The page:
need to understand many tools like graph theory, graph decompositions,
stochastic geometry, mobility models derived from social graphs area,
selfstabilization mechanisms, etc.
Conversely, researchers working in the field of graph theory, and
more generally in fields in the scope of track A of ICALP, have
developed several tools, like efficient distributed algorithms and
useful graph decompositions or embeddings, for which dynamic and
wireless networks offer a wide field of applications. Unfortunately,
nowadays, most of researchers studying that fields work independently
of what is done in other research areas.
Dynamic networks as
well as graph theory need the meeting of different communities from
research areas susceptible to bring new tools to be
improved. Therefore, IMAGINE wants to gather junior researchers in
order to promote a multidisciplinary approach in the field of dynamic
networks. For this purpose, this workshop wants to promote surveys
done by junior researchers about their own works.
Contact:
David Ilcinkas,
Nathalie Mitton and
Nicolas Nisse

Second
Training School on Algorithmic Aspects of Dynamic Networks (DYNAMO
2008) (July 46, Room 101)
This Training School is organized by the COST Action 295
on Dynamic Communication Networks: Foundations and Algorithms (DYNAMO).
The Action is motivated by the need to supply a convincing theoretical
framework for the analysis and control of all modern large networks. It
aims at providing foundations, models, algorithms, and general tools
for dynamic networks that include decentralised and evolving computing
entities, characterised by their inherently dynamic nature.
The Training School is open to the entire scientific community, and PhD
students from institutions adhering to COST Action 295 will receive
special supports. It will focus on three aspects of the design and
analysis of dynamic networks, and propose three Comprehensive Lectures
on Game Theory, Online Algorithms, and PeertoPeer Systems,
respectively. A set of Introductory Lectures will complement a panorama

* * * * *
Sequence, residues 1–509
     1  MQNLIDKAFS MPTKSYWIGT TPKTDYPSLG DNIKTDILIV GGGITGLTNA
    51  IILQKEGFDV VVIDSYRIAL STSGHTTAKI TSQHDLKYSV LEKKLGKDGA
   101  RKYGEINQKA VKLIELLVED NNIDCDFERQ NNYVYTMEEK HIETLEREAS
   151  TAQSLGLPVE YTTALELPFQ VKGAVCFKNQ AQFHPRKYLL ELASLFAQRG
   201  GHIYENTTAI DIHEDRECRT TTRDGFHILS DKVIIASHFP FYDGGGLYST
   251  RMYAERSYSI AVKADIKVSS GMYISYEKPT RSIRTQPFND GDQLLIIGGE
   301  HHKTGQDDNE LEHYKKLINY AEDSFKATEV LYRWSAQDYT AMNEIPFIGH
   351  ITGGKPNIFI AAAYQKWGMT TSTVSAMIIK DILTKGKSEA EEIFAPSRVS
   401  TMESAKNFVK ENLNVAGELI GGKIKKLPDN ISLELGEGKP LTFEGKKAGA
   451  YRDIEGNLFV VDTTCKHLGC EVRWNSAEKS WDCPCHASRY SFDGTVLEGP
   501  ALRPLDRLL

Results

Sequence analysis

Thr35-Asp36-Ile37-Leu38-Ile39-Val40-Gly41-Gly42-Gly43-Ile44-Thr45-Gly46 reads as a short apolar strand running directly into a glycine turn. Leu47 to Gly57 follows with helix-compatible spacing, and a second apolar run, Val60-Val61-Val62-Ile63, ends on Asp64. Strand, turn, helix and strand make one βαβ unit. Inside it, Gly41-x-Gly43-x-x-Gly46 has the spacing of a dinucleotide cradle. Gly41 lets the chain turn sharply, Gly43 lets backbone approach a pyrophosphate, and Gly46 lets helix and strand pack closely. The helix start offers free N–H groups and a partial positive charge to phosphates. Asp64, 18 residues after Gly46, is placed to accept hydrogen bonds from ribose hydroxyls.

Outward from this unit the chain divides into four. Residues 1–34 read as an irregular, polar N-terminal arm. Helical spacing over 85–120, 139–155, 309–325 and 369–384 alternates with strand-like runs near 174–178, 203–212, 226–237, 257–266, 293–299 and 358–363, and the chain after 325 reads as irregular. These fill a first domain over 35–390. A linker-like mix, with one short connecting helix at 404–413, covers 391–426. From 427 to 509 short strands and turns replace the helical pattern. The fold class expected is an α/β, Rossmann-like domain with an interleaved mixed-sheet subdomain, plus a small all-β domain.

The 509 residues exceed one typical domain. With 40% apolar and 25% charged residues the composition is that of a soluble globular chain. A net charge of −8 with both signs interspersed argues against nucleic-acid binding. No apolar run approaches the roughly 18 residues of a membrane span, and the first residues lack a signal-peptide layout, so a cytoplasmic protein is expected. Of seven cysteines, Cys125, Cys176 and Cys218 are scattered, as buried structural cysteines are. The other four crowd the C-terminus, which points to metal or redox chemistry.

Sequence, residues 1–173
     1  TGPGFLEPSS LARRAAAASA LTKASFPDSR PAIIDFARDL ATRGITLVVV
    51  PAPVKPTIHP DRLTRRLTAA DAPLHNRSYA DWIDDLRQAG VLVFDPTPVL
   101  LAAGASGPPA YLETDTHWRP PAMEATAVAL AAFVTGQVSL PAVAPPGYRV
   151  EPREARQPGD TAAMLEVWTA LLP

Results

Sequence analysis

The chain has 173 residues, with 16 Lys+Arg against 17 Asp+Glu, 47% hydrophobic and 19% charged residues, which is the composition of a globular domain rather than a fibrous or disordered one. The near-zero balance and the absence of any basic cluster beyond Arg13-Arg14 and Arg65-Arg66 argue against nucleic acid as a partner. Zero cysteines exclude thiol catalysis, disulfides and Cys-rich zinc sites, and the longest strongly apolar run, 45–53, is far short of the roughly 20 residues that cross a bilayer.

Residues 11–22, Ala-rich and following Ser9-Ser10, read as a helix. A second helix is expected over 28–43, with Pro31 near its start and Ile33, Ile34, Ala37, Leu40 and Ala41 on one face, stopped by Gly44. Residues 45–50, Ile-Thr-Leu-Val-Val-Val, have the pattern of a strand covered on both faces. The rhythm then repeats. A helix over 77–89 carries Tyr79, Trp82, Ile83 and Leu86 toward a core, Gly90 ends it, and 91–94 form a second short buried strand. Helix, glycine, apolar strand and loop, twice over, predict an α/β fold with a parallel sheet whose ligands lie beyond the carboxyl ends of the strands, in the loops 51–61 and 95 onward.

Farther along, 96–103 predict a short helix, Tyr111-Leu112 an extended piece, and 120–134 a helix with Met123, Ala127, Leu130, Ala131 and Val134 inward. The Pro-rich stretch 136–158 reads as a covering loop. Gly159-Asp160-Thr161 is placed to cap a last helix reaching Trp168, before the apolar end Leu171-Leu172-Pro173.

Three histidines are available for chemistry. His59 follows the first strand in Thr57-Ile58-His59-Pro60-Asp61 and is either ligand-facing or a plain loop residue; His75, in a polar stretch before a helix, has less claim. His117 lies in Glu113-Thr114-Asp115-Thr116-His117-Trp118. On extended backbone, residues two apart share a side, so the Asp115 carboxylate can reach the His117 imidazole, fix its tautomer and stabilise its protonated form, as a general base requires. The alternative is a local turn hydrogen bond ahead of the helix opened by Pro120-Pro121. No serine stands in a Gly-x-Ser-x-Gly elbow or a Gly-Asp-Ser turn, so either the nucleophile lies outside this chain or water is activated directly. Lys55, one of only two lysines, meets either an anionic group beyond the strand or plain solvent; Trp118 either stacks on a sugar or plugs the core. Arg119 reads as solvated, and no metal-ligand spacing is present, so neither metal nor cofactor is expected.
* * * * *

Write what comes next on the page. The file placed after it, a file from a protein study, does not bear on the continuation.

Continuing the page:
on recent advances in Dynamic Networks.
Contact:
Pierre Fraigniaud

Structural
Operational Semantics 2008 (July 6, Room 231a)
Structural operational
semantics (SOS) provides a framework for giving operational semantics
to programming and specification languages. A growing number of
programming languages from commercial and academic spheres have been
given usable semantic descriptions by means of structural operational
semantics. Because of its intuitive appeal and flexibility, structural
operational semantics has found considerable application in the study
of the semantics of concurrent processes. Moreover, it is becoming a
viable alternative to denotational semantics in the static analysis of
programs, and in proving compiler correctness.
Recently, structural operational semantics has been successfully
applied as a formal tool to establish results that hold for classes of
process description languages. This has allowed for the generalisation
of wellknown results in the field of process algebra, and for the
development of a metatheory for process calculi based on the
realization that many of the results in this field only depend upon
general semantic properties of language constructs.
This workshop aims at being a forum for researchers, students and
practitioners interested in new developments, and directions for
future investigation, in the field of structural operational
semantics. One of the specific goals of the workshop is to establish
synergies between the concurrency and programming language communities
working on the theory and practice of SOS. Moreover, it aims at
widening the knowledge of SOS among postgraduate students and young
researchers worldwide.
Contact:
Matthew
Hennessy and Bartek
Klin